Methods of detection and estimation errors in ST radar studies
Abstract. The classical theory of detection using the Neyman-Pearson principle is applied to stratosphere-troposphere (ST) radar signals. It is extended to provide information regarding the detection of weak signals which complements the detectability method usually employed in ST radar studies. It is shown that for ST radar signals of low amplitude and a detectability around 3 (a value commonly invoked in literature), the probability of detection is about equal to the probability of false alarm. The question of threshold detectability is also discussed.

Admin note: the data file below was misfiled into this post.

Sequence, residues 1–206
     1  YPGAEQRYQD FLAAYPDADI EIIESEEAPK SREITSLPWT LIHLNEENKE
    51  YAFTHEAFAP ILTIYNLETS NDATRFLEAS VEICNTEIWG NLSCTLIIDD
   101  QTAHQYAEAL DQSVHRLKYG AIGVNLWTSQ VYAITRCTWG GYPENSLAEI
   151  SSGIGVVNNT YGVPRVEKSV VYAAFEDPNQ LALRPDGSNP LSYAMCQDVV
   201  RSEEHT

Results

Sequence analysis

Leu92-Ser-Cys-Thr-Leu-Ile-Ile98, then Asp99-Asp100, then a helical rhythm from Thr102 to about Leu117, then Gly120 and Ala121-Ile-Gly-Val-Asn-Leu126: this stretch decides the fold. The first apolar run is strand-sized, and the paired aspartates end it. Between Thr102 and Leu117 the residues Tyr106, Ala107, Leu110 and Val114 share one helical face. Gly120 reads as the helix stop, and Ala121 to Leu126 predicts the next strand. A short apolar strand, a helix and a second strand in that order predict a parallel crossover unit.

Spectral moments errors are evaluated by a method which is an extension of the analytical method of estimation developed by Miller and Rochwarger and the results compared to other statistical and analytical models. As already known, three factors can affect the error on the estimated parameters: the signal-to-noise ratio, the spectral width and the incoherent integration number. For high signal-to-noise ratios, analytical results are in good agreement with Barrick's and Denenberg's theoretical models and with Yamamoto's statistical one. For low signal-to-noise ratios, the spectral parameters are more sensitive to the selected model but overall variability is similar.